Monday, January 4, 2010

Act IV

Today marks the Third Anniversary of the blog, meaning we are entering the fourth year of postings, page visits, and comments. Thus, Act IV. The blog was started on this date in 2007. This is the 582nd posting. According to the "Labels" section, 264 of these posts - or 45.36% - have related to politics or politicians, clearly the topic which holds much of my interest. But, as you know there are other interests - history, my home town of Louisville (the 42nd largest city in the Republic), travel, the weather, and people in general. As a writer, I enjoy covering all of these topics, often together. And the therapy is great.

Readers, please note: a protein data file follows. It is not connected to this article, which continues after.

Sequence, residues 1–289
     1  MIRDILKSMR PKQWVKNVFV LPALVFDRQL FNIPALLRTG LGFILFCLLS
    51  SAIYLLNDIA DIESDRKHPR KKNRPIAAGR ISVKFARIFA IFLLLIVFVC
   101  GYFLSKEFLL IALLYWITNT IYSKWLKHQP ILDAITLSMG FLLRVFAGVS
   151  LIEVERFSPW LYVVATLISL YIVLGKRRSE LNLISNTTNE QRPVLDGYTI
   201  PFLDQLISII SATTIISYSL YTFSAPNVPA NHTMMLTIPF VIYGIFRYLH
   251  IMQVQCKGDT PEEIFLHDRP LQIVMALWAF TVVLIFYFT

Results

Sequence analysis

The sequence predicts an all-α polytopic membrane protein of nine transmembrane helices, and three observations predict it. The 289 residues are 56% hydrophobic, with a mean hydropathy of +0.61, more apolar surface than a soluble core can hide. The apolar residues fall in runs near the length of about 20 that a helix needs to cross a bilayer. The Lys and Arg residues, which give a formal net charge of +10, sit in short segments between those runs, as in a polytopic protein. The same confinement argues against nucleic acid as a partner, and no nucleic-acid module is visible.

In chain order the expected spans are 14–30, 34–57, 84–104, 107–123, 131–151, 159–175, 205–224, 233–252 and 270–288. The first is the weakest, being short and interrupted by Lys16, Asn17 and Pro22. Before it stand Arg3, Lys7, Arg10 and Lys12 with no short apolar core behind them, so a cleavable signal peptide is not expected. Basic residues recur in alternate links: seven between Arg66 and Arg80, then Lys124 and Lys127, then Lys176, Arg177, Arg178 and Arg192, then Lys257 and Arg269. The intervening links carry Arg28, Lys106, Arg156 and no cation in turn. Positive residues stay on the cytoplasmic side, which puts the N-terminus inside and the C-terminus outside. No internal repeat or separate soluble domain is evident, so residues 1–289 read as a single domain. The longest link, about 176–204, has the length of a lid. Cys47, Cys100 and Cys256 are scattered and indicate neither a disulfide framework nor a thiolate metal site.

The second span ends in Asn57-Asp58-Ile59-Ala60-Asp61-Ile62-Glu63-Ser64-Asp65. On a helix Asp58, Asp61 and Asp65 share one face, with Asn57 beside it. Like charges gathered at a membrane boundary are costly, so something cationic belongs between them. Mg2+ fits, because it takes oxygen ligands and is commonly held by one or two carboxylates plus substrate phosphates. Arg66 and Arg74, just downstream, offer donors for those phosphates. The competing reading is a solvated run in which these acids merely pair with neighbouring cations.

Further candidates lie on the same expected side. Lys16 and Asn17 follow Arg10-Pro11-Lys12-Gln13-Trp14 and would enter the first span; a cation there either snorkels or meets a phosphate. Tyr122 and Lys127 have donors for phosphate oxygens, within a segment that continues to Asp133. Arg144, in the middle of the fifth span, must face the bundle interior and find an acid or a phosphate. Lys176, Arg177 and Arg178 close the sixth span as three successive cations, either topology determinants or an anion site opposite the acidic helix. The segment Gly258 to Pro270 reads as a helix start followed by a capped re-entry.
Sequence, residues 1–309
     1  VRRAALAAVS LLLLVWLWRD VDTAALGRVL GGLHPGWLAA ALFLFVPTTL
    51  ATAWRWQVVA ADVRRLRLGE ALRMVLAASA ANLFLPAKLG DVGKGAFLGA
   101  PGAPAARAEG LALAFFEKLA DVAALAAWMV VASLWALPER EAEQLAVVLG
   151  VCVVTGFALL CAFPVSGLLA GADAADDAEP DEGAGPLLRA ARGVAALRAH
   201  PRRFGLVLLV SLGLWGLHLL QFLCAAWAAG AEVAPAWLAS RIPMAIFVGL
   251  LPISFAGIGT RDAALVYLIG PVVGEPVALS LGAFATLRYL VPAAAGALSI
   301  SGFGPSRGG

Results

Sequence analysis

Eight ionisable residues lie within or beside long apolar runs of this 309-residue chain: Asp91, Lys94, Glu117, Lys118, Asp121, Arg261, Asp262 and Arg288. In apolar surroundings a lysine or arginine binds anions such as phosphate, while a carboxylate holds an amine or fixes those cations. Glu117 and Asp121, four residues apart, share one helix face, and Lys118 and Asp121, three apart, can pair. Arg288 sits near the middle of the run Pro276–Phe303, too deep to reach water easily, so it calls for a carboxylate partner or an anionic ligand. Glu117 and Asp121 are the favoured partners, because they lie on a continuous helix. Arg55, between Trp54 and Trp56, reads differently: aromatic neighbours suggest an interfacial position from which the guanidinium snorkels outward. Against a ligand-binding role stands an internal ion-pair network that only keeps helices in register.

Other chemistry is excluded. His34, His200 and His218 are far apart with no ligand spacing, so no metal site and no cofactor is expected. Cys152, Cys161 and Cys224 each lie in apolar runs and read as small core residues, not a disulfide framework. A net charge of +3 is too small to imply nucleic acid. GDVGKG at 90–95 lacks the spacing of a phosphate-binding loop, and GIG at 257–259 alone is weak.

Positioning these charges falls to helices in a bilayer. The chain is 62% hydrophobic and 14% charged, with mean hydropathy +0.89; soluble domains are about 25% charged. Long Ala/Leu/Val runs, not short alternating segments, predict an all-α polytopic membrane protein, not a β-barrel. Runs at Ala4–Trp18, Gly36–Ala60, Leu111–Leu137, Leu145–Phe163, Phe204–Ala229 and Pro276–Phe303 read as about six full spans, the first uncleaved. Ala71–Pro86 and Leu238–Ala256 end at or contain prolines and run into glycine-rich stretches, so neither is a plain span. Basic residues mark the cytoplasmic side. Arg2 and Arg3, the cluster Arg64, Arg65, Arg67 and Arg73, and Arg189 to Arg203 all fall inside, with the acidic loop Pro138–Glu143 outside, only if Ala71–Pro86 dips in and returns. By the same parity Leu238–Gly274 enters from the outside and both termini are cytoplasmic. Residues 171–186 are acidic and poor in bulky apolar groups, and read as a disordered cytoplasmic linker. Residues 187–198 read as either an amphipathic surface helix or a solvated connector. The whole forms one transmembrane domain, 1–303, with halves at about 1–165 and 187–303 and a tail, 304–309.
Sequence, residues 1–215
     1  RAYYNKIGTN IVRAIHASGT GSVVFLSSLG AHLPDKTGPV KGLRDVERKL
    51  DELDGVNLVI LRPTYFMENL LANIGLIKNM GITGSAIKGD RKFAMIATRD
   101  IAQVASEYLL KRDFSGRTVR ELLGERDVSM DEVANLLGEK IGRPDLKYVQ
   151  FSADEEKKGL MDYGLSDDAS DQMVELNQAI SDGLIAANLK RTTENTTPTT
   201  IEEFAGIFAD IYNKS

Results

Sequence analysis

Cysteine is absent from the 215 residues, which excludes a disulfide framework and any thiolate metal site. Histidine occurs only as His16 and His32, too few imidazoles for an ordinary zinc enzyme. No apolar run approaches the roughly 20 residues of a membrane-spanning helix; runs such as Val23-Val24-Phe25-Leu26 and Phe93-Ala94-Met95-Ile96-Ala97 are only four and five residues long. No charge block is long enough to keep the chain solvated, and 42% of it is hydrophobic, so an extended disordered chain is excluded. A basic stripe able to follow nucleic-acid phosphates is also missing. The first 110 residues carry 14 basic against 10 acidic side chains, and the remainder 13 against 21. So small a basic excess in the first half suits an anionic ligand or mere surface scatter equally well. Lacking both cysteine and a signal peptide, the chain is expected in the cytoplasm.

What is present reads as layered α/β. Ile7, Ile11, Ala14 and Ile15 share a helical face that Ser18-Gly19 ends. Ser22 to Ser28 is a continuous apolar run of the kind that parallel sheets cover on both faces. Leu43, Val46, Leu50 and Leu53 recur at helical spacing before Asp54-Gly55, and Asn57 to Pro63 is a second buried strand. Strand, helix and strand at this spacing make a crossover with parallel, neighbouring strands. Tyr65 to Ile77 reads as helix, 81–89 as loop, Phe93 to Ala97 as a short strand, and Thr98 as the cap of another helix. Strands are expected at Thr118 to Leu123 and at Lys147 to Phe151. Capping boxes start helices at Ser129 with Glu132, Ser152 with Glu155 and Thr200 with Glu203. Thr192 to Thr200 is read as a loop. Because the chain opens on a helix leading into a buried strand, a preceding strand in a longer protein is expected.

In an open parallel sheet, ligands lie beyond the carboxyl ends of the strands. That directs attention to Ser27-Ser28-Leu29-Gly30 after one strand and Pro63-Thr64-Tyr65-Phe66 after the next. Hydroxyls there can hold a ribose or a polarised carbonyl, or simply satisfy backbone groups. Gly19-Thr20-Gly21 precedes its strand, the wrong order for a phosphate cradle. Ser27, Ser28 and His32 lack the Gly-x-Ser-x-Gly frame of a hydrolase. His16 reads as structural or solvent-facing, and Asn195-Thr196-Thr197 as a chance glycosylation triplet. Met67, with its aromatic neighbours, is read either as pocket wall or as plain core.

It should prove to be an interesting year. In my own personal life, I'm finally - after a near-six year quest and struggle - moving my "letter" from one religious denomination to another, something I last did in 1979 when I was 18. I also have some plans to straighten out my home life and my home itself which is in dire need of a lot of work. Once the Primary is over, I plan a trip to Puerto Rico. I've actually already made some of the arrangements for that. Later in the summer, I hope to get back to Washington DC. At some point in 2010, I would like to see the Pacific Ocean, maybe from a dock in San Diego. And this is the year in which, God willing, I will celebrate my 50th birthday. I need to start doing things before I get older. That means 2010.